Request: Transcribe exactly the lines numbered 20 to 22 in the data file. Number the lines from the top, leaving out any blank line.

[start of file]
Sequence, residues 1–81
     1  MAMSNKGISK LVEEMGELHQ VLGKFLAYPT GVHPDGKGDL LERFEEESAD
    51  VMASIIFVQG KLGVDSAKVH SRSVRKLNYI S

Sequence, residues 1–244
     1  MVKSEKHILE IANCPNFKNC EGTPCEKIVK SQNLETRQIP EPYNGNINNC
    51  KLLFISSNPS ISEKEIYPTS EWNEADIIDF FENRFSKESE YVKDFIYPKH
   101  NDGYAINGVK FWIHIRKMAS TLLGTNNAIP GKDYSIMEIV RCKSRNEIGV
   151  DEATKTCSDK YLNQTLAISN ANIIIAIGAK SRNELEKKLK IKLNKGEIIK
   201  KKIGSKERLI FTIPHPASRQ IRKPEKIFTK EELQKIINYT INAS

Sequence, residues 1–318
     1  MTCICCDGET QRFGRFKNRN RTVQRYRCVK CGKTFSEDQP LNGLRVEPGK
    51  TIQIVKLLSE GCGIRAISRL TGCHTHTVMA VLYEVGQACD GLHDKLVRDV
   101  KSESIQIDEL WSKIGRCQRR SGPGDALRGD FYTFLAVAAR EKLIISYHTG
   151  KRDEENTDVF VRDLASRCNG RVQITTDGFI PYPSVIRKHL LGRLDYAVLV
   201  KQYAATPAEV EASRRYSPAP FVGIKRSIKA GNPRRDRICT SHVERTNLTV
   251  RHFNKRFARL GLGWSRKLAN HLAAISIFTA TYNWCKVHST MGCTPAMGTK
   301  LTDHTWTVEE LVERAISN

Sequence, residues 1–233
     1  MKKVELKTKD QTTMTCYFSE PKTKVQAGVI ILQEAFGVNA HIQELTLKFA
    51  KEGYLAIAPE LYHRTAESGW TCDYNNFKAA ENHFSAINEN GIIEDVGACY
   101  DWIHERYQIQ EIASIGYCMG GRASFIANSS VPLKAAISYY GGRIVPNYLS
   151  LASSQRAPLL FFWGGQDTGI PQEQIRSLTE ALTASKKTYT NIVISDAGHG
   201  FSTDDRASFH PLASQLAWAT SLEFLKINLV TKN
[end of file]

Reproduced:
    51  KEGYLAIAPE LYHRTAESGW TCDYNNFKAA ENHFSAINEN GIIEDVGACY
   101  DWIHERYQIQ EIASIGYCMG GRASFIANSS VPLKAAISYY GGRIVPNYLS
   151  LASSQRAPLL FFWGGQDTGI PQEQIRSLTE ALTASKKTYT NIVISDAGHG